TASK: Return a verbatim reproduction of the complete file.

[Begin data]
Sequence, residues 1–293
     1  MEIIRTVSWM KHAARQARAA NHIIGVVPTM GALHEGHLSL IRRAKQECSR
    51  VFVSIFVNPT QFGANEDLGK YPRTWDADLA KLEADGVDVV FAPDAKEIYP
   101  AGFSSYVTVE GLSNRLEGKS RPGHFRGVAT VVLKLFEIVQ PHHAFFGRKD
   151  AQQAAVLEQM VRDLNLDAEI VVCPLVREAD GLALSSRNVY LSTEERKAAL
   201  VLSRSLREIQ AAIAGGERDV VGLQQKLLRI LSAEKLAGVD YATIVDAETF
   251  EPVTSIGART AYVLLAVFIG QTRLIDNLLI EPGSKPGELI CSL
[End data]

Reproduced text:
Sequence, residues 1–293
     1  MEIIRTVSWM KHAARQARAA NHIIGVVPTM GALHEGHLSL IRRAKQECSR
    51  VFVSIFVNPT QFGANEDLGK YPRTWDADLA KLEADGVDVV FAPDAKEIYP
   101  AGFSSYVTVE GLSNRLEGKS RPGHFRGVAT VVLKLFEIVQ PHHAFFGRKD
   151  AQQAAVLEQM VRDLNLDAEI VVCPLVREAD GLALSSRNVY LSTEERKAAL
   201  VLSRSLREIQ AAIAGGERDV VGLQQKLLRI LSAEKLAGVD YATIVDAETF
   251  EPVTSIGART AYVLLAVFIG QTRLIDNLLI EPGSKPGELI CSL